Clayton Velicer, MPH
In the past month, we’ve seen an increase in news coverage of Community Health Workers (CHWs) as they take on bigger roles in the US healthcare system. A feature in Modern Healthcare highlighted successful CHWs programs in Minnesota, New Mexico and Pennsylvania. Meanwhile, Florida became the latest state to establish certification for CHWs.
On February 4th, the Institute of Medicine (IOM) released a discussion paper on CHWs. In this blog, we take a look at the benefits and implementation challenges outlined in this paper.
Community Health Workers Save Costs
The authors of the IOM paper cite that CHWs save costs for providers. For example, CHWs produced a return on investment of 4:1 when working with children with asthma and a return on investment of 3:1 for Medicaid enrollees with unmet long-term care needs.
According to the authors, if the cost savings for CHWs were the “results for a clinical trial for a drug, we would likely see pressure for fast…
Clayton Velicer, MPH
In April, one of our blogs highlighted Buddy-to-Buddy, a peer support intervention at the University of Michigan that helps citizen soldiers overcome barriers to treatment, maintain adherence to treatment, and navigate the health system.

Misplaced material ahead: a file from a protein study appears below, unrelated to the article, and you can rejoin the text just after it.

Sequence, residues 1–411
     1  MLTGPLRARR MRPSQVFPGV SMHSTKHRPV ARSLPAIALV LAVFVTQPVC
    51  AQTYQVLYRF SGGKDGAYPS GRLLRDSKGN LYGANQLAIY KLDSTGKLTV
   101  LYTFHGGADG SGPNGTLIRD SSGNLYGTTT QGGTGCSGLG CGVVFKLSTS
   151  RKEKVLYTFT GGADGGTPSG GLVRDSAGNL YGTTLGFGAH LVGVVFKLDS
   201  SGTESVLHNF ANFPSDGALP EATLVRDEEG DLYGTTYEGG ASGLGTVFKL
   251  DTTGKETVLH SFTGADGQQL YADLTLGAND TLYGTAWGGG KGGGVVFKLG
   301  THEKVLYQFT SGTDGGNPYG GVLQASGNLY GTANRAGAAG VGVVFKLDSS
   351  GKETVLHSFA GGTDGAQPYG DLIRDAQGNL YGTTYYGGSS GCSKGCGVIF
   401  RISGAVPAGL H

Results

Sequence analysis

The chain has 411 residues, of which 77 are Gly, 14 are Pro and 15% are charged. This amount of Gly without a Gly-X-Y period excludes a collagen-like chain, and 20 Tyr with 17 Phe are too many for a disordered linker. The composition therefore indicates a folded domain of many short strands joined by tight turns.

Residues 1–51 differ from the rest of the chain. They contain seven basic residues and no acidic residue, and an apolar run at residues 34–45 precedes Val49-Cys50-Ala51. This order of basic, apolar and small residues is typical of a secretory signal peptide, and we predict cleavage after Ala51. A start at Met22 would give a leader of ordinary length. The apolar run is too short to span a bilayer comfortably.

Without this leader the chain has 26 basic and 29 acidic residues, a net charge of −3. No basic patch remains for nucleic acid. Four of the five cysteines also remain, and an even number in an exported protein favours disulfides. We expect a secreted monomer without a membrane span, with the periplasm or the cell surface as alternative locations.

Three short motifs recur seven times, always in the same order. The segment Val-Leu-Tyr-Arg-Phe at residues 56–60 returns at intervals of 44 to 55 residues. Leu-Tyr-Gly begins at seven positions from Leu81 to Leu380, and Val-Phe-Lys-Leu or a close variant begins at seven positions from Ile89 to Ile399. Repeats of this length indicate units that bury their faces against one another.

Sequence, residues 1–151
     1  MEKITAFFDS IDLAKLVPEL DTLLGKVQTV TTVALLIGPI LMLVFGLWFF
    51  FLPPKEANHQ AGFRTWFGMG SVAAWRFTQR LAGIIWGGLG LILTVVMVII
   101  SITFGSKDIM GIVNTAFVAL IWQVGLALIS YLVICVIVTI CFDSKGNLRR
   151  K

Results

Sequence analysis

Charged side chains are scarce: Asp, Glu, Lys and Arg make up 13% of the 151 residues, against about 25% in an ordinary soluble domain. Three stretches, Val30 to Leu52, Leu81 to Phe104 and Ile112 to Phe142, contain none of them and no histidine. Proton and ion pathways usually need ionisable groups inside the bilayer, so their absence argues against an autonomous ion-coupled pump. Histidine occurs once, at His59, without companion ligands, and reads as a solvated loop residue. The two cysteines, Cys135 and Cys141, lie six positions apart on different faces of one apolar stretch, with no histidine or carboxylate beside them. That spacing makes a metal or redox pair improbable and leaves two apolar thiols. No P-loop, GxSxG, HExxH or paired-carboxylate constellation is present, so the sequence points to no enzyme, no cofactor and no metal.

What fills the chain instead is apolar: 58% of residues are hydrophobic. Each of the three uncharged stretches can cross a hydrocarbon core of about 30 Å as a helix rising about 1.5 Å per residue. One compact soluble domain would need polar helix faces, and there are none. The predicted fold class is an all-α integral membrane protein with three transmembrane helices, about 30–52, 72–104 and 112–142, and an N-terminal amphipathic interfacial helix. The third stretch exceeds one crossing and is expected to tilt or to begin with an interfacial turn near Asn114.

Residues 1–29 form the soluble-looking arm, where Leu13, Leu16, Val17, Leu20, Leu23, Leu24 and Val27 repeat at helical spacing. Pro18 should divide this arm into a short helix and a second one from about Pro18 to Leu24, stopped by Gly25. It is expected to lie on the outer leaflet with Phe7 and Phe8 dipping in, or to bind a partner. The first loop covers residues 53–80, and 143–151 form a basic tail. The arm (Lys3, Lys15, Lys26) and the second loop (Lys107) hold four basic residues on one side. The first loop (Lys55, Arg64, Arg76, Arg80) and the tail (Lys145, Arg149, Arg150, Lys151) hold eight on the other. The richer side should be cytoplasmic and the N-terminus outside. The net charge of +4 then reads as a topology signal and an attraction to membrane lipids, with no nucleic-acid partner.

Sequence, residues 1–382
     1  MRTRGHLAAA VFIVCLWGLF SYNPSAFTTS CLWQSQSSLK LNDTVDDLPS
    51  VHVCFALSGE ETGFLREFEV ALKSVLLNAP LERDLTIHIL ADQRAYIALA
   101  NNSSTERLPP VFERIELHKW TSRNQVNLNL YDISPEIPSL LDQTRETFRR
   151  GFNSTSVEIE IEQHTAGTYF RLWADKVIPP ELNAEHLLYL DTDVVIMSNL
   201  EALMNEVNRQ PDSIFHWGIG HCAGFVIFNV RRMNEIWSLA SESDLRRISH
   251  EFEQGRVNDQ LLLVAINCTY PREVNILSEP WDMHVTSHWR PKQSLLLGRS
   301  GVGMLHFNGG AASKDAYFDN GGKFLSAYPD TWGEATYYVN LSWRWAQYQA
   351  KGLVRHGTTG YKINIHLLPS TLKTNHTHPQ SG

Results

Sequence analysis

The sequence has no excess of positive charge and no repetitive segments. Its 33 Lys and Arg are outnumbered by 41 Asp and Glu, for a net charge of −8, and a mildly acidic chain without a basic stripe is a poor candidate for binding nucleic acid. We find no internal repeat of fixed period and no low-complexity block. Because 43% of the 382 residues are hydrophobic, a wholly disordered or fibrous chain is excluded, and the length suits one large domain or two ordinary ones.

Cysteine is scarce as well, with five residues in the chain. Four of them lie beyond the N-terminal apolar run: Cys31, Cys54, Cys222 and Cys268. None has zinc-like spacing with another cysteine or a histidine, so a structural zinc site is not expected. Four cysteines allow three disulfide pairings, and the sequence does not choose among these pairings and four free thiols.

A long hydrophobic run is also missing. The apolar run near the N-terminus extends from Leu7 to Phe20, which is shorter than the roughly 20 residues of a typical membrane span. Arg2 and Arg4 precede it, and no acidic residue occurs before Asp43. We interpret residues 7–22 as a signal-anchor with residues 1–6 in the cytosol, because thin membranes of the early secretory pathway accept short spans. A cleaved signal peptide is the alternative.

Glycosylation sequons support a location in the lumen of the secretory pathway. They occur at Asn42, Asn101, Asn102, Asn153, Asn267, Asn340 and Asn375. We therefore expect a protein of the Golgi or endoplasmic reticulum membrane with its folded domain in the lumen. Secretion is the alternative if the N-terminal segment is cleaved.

Since this blog was written, there have been calls for increased funding and resources to implement peer support programs for the veteran population. In Texas, state lawmakers recently passed legislation that appropriated an additional $4 million in the 2014-15 Department of State Health Services budget to help service members, veterans and their families connect with peer volunteers. It is estimated that the funding will add 1,500 peer-to-peer volunteers to the workforce next year. In New York, special funding was recently awarded to expand peer support programs aimed at veterans with post-traumatic stress disorder following a successful pilot program in 4 counties. On August 10th, President Obama addressed the…
Patrick Yao Tang, MPH
Each year, the National Council of La Raza hosts a sprawling conference to promote positive social change for the betterment of the Hispanic community. The event brings together influential leaders, organizations, institutions, and companies to tackle the most pressing issues facing the Hispanic community, from community empowerment to immigration to education to health. This year’s theme, “Rise as One”, highlights ascension to better opportunities, respect, and awareness with respect to the improved image, position, and power of the Hispanic community. It serves as a call for unity within communities of color and a challenge to climb upwards together.
The 2013 NCLR Annual Conference was held from July 20-23 in New Orleans, LA. Over four days, attendees took part in Town Hall discussions, luncheons, and over 50 workshops on 11 tracks. On the final day of the conference, attendees lined up for hours for a chance to see First Lady Michelle Obama…